By Roger Parlof

(FORTUNE Magazine) – GENERAL MOTORS' "EMPLOYEE DIScount for everyone" promotion provided a welcome distraction in the form of stellar June sales. But one thing the sell-a-thon won't change is a possible war with the United Auto Workers. GM is seeking to pare health-care costs, and it's locked in a stare-down--the labor-management equivalent of the Cuban missile crisis. The stakes are massive: billions in potential savings for GM if it wins--which would mean an equivalent amount out of workers' pockets--or billions in losses if the union strikes in protest. (The last walkout, a 54-day local action in 1998, cost the automaker $2 billion.)

One reason for the tension: Nobody is certain what their ultimate rights are. Unlike pension benefits, which can't be terminated absent bankruptcy, the status of health benefits is negotiable and often ambiguous. So if push comes to shove, does GM have the power to modify those benefits unilaterally? The automaker keeps implying that it does--but it may well be bluffing.

GM's daunting problems are well known: its $1.1 billion first-quarter loss, the downgrading of its debt by two credit agencies, and its enormous obligations to retirees. (It paid $5.2 billion for health care last year, of which $3.6 billion went to retirees and their dependents.) While seeking concessions from the UAW, CEO Rick Wagoner has dropped veiled threats about taking unilateral action if he must.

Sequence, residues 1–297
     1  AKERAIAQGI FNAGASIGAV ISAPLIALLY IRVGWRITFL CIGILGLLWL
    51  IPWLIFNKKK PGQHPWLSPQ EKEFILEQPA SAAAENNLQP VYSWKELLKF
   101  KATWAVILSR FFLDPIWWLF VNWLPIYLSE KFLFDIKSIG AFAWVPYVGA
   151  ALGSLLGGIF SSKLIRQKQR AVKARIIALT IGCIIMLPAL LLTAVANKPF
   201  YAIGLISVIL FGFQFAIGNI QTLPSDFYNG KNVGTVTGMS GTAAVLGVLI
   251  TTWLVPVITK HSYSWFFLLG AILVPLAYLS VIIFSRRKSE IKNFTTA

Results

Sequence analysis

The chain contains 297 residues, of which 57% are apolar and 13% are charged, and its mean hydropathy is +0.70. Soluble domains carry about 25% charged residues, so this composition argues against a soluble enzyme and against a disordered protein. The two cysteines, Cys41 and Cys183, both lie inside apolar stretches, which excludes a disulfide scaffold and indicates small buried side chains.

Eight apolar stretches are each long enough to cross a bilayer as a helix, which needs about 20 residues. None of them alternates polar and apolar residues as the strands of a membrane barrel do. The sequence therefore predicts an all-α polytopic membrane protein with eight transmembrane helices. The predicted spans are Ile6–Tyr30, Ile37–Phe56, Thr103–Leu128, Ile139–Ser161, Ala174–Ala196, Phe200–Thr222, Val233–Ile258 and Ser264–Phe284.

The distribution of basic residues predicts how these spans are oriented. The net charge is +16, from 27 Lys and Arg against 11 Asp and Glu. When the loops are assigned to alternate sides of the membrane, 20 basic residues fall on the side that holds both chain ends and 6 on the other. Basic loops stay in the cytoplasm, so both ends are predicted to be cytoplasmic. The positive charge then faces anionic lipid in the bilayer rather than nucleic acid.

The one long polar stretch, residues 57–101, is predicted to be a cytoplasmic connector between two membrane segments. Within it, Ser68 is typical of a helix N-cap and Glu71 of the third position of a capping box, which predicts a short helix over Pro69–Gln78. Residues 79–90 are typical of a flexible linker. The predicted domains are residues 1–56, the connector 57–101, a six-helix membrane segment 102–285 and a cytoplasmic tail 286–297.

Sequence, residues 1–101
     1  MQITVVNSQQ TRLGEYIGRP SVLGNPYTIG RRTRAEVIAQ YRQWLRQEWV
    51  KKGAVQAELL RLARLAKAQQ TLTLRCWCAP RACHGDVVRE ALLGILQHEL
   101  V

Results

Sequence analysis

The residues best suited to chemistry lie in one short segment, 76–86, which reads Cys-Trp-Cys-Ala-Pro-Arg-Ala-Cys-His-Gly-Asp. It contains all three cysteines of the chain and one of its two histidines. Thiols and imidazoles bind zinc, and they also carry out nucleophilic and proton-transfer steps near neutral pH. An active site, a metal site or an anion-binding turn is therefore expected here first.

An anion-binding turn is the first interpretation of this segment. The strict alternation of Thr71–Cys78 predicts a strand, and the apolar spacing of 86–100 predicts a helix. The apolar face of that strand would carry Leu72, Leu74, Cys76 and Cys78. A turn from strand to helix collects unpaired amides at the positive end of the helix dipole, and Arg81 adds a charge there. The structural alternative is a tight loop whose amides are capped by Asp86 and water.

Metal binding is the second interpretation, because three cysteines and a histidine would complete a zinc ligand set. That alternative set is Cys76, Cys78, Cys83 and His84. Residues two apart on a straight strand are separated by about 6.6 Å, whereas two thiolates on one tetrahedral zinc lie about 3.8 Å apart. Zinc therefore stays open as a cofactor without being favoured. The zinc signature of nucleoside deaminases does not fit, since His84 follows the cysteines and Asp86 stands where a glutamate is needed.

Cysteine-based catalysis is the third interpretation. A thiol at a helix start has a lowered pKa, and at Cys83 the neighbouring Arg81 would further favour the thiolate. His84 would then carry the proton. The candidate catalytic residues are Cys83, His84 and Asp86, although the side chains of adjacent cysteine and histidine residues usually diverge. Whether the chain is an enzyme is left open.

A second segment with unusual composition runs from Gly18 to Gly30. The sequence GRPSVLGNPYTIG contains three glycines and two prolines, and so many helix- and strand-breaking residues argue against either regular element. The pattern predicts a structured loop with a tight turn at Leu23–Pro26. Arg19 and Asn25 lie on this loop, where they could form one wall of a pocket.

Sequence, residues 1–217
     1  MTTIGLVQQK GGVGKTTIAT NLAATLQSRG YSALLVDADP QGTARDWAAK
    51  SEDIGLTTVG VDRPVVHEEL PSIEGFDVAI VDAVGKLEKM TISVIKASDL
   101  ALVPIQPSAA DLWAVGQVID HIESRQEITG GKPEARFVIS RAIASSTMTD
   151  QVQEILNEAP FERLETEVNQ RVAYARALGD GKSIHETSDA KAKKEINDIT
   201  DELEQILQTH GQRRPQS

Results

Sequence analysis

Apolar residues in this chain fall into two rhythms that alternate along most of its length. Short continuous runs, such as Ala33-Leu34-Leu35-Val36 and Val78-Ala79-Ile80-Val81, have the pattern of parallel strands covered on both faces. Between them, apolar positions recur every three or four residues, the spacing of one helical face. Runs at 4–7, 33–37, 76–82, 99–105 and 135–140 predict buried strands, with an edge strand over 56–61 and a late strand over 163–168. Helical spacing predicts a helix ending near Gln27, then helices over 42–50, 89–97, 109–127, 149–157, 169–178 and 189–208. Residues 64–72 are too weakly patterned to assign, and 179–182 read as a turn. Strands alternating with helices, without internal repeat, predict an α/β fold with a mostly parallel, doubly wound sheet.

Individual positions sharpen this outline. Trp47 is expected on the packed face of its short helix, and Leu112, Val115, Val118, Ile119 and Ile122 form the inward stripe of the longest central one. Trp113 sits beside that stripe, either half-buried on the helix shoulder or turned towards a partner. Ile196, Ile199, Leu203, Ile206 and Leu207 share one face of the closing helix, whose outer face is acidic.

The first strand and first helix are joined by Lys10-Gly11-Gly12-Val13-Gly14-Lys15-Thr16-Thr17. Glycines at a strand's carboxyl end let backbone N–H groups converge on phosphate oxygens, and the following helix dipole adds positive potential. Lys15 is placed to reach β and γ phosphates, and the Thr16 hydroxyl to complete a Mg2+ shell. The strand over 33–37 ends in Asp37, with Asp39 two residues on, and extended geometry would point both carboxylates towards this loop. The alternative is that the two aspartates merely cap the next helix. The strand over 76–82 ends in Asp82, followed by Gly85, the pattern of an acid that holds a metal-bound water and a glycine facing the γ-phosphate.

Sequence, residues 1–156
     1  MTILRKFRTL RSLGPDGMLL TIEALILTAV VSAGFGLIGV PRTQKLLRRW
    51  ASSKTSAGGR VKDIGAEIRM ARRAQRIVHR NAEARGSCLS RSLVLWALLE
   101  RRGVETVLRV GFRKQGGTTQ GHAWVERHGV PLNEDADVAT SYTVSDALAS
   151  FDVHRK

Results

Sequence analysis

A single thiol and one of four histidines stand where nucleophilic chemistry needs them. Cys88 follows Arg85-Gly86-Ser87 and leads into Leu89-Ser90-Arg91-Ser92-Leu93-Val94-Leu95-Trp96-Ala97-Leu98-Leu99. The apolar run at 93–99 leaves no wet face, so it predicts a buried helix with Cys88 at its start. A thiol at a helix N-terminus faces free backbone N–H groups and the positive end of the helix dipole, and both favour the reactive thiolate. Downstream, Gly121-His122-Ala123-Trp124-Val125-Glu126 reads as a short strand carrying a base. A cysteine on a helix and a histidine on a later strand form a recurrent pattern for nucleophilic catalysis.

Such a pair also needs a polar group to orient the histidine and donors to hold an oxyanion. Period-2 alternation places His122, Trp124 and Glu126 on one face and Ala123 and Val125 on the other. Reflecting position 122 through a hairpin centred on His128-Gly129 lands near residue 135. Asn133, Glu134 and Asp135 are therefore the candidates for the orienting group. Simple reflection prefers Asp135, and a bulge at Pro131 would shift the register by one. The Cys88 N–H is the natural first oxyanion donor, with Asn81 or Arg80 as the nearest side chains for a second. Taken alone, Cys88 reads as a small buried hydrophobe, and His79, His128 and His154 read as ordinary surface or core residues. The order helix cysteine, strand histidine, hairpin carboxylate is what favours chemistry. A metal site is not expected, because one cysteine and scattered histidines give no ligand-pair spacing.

But can he? Though both GM and the UAW declined to discuss their legal positions, surrogates have been less discreet. A GM spokesperson referred FORTUNE to a report by analyst Brian A. Johnson of Sanford Bernstein & Co. that maps out a nuclear option: GM, he writes, can unilaterally terminate retiree benefits without provoking a legal strike. Under a 1971 Supreme Court ruling, Johnson argues, health benefits are not a "mandatory" subject of bargaining, and therefore unions aren't usually allowed to strike over them. (If workers struck illegally, GM could replace them.)

Johnson contends that GM could cut off most retiree benefits, because under that same ruling, retirees are not "employees" covered by contracts negotiated after their retirement. Retirees could bring a class action to restore their benefits, and a court would then decide whether the parties had intended the benefits to "vest" for the retirees' lifetimes or, rather, if the company had reserved the right to terminate them. Johnson concludes that GM would likely win such litigation and notes that GM prevailed in a similar case against salaried (non-union) workers in 1998.

Johnson's views puzzle labor lawyer Leonard Page, who spent 30 years at the UAW and helped negotiate many of the agreements in question. "There's no possible interpretation of the GM-UAW contract which would permit mid-contract termination" of retiree benefits, he argues. Furthermore, Page insists that the health benefits of GM's retired hourly workers have vested. While it was common for the company to reserve the right to terminate benefits in salaried employees' health plans, Page says, comparable "clauses do not exist in any UAW-GM agreement.... We were not asleep at the switch."

GM and the UAW could negotiate modest savings in, say, prescription drugs, Page adds, as long as they don't cut the fundamental benefits. Beyond that, he says, the UAW doesn't even have the right to waive existing retirees' benefits, since the union doesn't represent them any more. And if GM disagrees? "What's that old phrase?" says Page. "Make my day." Truth is, the law is murky, and the only certainty is that all-out war would be devastating to all concerned. Both sides would be smart to blink before the shooting starts. -- Roger Parloff